In the late 1980s, bin Laden’s stature as an anti-Soviet freedom fighter had risen so high in some circles in Washington that the CIA sponsored a fund raising and informational trip to the U.S. and Canada for him. Langley arranged visas, helped set up meetings in a number of cities for bin Laden, and paid for his ticket and hotels.

“He was quite charming and very articulate,” Eric Margolis, a Toronto Sun columnist who met bin Laden when he was in Mississauga, Ontario on one of his CIA-arranged stops, said on a television panel discussion not long after 9/11. Others who met bin Laden on the whistle stop tour said he was accompanied by an aide who also served as a translator, and the same pair of bulky and hovering but friendly Americans who were introduced variously as “Mike and Jeff,” “Allan and Frank” or “Bill and Edward.” Undoubtedly, they were his CIA baby sitters and lamp lighters: Fixers who made sure that nothing happened to their charge, and who guaranteed that the CIA knew what he was doing and saying throughout every minute of the trip.

Former and current CIA officers interviewed over the past seven months say it was likely that the mole was recruited during this period. “The company was pouring millions of dollars in cash and arms into Tora Bora,” said one former CIA station chief, “and there were Americans everywhere in the mountains alongside bin Laden’s fighters. Special Forces, spooks, a few mercenaries, free lance pilots, some journalists, and even some aid workers. I’m positive a few talent scouts were in and out of the mountains, as well. It wouldn’t be all that difficult to identify a few possibilities and approach them with an offer.”

“It would be surprising only if the CIA didn’t try recruiting some people during the Afghan fighting,” said another former agency employee, now retired and who ran similar missions in Latin America in the 1950s. “It needed insiders on the ground to keep us apprised of how things were going, provide hard intelligence … and he might be useful in the future.”

After the Russians pulled out of Afghanistan and bin Laden’s Mujahadeen fighters largely dispersed, the mole apparently returned home – most likely Saudi Arabia, according to sources – and “went to sleep” to use spy jargon for inactive sources who remain available for future service.

Awakening The Sleeper

Sometime around the middle of the first Clinton term, bin Laden was re-assembling his old Mujahadeen warriors in the Sudan and creating al Qaeda with a new target: The West generally and the US specifically. The training camps were established, and once the CIA got wind of what bin Laden was doing, reportedly it re-activated its agent, who was given the code name Omar.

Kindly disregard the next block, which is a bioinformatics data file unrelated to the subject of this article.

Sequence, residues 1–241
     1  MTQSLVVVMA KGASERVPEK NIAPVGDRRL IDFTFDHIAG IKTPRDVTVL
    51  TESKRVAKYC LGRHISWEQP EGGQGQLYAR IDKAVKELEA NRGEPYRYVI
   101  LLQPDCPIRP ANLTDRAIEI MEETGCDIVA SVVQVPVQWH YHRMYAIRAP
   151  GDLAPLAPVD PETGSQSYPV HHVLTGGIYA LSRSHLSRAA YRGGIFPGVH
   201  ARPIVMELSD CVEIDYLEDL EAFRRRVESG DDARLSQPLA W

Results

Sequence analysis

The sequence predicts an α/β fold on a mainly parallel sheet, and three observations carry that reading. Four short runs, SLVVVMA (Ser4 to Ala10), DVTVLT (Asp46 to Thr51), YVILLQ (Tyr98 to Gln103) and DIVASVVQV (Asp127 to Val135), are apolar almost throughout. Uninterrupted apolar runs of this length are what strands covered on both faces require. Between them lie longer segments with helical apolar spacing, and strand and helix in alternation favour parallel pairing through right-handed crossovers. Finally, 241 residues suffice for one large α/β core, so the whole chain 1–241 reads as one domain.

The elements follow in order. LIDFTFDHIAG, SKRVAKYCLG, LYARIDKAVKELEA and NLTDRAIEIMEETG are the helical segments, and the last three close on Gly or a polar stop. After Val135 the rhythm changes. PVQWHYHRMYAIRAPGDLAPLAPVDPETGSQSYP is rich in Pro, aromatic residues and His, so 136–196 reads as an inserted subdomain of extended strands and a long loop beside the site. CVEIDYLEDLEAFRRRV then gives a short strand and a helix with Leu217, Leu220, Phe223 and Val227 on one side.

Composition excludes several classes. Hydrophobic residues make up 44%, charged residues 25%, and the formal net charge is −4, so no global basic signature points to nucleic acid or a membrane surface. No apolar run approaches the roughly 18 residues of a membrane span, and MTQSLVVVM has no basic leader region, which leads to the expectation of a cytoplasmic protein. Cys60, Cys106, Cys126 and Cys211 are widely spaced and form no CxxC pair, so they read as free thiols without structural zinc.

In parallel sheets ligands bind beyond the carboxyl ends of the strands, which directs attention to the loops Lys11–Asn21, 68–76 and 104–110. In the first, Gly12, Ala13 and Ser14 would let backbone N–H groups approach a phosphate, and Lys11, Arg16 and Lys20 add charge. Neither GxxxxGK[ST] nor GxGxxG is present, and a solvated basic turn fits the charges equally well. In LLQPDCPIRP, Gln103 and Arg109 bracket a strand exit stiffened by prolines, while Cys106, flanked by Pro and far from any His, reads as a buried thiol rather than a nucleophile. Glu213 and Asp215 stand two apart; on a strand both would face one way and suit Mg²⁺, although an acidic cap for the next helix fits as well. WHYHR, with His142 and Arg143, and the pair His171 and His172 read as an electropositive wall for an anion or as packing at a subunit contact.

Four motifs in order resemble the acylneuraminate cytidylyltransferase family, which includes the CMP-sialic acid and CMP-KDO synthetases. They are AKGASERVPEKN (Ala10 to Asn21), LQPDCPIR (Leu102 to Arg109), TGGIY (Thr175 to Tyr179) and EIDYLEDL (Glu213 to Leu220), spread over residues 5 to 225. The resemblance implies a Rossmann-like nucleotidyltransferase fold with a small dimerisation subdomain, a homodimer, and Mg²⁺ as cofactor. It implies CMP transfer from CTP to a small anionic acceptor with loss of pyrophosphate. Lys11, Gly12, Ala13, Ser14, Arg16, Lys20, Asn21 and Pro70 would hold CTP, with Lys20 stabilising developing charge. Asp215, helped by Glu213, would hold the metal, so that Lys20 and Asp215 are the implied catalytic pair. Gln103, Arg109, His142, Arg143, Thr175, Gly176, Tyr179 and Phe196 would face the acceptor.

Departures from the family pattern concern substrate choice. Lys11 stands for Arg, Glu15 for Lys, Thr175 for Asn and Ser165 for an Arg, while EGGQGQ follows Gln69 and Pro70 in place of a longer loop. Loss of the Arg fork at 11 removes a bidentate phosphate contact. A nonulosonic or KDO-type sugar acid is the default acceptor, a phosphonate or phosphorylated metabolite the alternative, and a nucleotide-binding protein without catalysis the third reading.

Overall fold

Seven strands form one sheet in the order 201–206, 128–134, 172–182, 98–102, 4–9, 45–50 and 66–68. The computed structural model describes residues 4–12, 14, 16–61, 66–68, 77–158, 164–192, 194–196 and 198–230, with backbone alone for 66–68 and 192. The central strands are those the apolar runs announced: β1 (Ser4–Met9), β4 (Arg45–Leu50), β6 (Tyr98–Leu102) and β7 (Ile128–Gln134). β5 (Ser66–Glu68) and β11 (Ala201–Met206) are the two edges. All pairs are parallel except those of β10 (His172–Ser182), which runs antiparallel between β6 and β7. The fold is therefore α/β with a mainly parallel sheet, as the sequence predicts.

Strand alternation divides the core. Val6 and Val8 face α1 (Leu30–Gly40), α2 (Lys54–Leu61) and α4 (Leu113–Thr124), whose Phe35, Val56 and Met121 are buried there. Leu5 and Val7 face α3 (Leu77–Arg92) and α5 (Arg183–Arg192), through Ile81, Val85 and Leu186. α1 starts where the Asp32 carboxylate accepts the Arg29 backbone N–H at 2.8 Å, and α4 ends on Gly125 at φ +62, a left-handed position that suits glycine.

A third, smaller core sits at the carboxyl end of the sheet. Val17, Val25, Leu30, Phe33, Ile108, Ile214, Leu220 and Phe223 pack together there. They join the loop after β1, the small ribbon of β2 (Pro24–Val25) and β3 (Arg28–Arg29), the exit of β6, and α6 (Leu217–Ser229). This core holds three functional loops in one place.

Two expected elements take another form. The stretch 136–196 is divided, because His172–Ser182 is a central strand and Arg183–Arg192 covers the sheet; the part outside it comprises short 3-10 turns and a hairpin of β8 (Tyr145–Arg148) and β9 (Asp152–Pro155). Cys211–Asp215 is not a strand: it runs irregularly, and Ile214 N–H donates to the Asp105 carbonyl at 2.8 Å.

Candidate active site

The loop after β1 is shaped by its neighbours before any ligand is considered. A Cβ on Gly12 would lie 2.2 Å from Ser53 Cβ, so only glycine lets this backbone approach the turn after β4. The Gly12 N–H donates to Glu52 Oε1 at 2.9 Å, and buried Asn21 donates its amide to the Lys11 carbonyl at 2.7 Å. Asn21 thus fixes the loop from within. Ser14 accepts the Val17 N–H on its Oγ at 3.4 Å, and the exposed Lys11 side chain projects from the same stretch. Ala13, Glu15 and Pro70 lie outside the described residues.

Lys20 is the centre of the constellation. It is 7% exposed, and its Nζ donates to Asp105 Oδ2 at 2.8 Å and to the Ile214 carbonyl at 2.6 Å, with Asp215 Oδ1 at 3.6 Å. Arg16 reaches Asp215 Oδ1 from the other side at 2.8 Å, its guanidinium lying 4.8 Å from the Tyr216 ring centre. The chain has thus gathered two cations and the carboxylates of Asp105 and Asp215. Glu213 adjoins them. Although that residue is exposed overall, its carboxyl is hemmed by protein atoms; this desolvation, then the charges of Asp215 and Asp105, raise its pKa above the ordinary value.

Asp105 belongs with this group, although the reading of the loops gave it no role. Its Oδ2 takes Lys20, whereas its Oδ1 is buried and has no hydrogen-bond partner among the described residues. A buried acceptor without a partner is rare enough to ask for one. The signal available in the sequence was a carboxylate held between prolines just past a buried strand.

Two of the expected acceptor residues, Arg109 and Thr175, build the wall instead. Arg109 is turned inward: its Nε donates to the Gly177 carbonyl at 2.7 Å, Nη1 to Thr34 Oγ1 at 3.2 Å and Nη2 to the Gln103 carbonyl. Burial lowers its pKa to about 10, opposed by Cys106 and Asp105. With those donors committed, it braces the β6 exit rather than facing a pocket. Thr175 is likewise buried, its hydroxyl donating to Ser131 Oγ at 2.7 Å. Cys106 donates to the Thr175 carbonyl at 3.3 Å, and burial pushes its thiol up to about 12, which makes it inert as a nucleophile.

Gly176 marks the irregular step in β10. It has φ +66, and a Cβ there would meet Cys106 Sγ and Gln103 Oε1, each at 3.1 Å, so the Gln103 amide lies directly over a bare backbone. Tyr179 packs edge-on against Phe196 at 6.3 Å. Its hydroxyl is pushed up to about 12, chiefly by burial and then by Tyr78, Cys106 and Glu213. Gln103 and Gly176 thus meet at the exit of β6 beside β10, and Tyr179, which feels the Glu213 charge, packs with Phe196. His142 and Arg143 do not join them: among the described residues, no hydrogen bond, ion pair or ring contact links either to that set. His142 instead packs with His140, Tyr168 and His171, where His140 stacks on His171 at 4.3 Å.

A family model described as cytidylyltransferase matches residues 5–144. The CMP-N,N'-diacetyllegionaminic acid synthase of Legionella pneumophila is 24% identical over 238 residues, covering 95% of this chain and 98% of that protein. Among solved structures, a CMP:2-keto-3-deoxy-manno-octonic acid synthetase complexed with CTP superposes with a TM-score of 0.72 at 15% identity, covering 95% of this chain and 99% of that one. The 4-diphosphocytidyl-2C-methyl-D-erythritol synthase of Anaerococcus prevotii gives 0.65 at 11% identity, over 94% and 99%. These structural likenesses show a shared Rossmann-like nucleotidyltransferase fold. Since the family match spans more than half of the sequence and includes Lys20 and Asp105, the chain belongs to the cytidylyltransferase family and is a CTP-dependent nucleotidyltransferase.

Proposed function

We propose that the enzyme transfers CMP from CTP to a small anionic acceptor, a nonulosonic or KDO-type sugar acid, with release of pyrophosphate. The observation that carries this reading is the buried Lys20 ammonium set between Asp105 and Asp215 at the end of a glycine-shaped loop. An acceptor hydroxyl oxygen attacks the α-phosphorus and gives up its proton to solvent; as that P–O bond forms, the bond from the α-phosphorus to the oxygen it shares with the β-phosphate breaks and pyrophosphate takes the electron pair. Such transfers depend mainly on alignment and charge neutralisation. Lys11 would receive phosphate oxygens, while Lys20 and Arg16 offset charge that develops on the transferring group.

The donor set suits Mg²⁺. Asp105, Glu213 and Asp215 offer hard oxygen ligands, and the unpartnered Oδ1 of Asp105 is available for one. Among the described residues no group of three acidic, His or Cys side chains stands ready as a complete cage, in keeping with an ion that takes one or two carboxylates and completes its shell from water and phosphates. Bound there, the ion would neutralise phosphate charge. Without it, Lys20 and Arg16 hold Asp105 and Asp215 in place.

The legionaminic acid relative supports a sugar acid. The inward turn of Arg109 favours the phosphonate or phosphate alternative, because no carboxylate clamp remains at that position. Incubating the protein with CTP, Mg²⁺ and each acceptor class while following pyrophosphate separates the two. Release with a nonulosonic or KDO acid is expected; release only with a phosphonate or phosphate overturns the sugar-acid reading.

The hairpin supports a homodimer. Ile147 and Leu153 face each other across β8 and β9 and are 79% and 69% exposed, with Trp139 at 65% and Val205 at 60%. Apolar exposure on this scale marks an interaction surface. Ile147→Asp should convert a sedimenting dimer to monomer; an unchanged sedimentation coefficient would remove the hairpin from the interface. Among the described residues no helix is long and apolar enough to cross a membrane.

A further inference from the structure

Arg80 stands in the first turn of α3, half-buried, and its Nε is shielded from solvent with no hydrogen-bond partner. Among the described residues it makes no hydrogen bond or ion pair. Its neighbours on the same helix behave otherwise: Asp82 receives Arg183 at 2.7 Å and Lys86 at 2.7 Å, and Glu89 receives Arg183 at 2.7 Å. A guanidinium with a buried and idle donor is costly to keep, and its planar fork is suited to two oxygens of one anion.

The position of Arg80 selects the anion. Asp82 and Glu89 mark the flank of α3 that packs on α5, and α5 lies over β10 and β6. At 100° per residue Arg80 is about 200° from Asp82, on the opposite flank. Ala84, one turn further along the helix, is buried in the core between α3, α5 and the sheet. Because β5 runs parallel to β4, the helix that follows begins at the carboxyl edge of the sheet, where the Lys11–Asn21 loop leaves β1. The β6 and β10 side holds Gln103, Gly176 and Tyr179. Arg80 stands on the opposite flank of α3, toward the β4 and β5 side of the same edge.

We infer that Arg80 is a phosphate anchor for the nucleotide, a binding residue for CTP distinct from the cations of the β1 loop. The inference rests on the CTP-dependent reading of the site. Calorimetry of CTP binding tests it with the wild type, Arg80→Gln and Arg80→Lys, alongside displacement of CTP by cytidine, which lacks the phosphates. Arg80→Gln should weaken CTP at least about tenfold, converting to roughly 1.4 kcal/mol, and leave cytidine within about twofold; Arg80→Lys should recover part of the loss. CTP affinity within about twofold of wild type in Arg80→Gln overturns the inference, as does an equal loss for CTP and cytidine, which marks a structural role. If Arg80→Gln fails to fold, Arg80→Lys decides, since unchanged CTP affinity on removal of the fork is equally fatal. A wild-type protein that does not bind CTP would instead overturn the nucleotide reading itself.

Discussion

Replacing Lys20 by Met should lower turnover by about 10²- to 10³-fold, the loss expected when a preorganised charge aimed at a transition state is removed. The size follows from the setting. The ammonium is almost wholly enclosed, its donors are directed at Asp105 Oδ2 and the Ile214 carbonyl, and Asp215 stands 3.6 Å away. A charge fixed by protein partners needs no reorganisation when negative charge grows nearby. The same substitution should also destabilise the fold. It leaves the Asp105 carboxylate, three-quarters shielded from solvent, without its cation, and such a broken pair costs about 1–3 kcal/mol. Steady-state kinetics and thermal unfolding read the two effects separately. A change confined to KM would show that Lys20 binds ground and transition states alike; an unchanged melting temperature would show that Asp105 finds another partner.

Osama bin Laden’s camp was populated at the time almost entirely by men who had fought alongside him in the Afghan war. As a result, Omar fit right in. Because he had been in the Afghan mountains with bin Laden he was welcomed with open arms by his former comrades. He rose quickly in the fledgling terrorist organisation, partly because fighting in Afghanistan established his bona fides but also because he was bright and possessed a first rate university education: Purportedly, he had an undergraduate degree from Northwestern University in Evanston Illinois, and studied business and finance at the London School of Economics. Moreover, he spoke fluent English, and is said to have a basic understanding of French plus a smattering of passable German. At the time, there were few people in the camp who spoke anything besides Arabic which meant that Omar held a unique position being able to monitor Western newspapers – and websites when they became common – and passing along relevant information to bin Laden and his senior associates. Perhaps more important, thanks to his LSE education, he was able to explain how the Western banking system worked and, it is assumed, how to use and manipulate it to bin Laden’s advantage. More specifically, there is a belief in some intelligence circles that Omar was one of the key architects who created al Qaeda’s banking structure, which would have made him at least indirectly responsible for the 9/11 attacks.

Still, despite his value, Omar caused some occasional concern in Langley.

“The trouble with a mole like the one we’re rumoured to have recruited,” a retired CIA operative explained, “is that while he’s being helpful to our side, he’s also helping the bad guys because that’s how he protects his cover.”

“You’re never quite sure where any mole’s real loyalty lies,” stated another former intelligence officer. “Is he sending us the real goods, or are we getting chicken feed and deliberately misleading information?”

If he was a bin Laden plant, then the information was no good and the American government was being misled. But if Omar was legitimate, then “he was the goose who kept laying a nest full of golden eggs” the same man joked.

“If he wasn’t for real, then (Omar) was the best con man to hit Washington since Warren Harding rolled into town with his poker playing buddies,” sneered a man who once held a position at the very highest levels of government.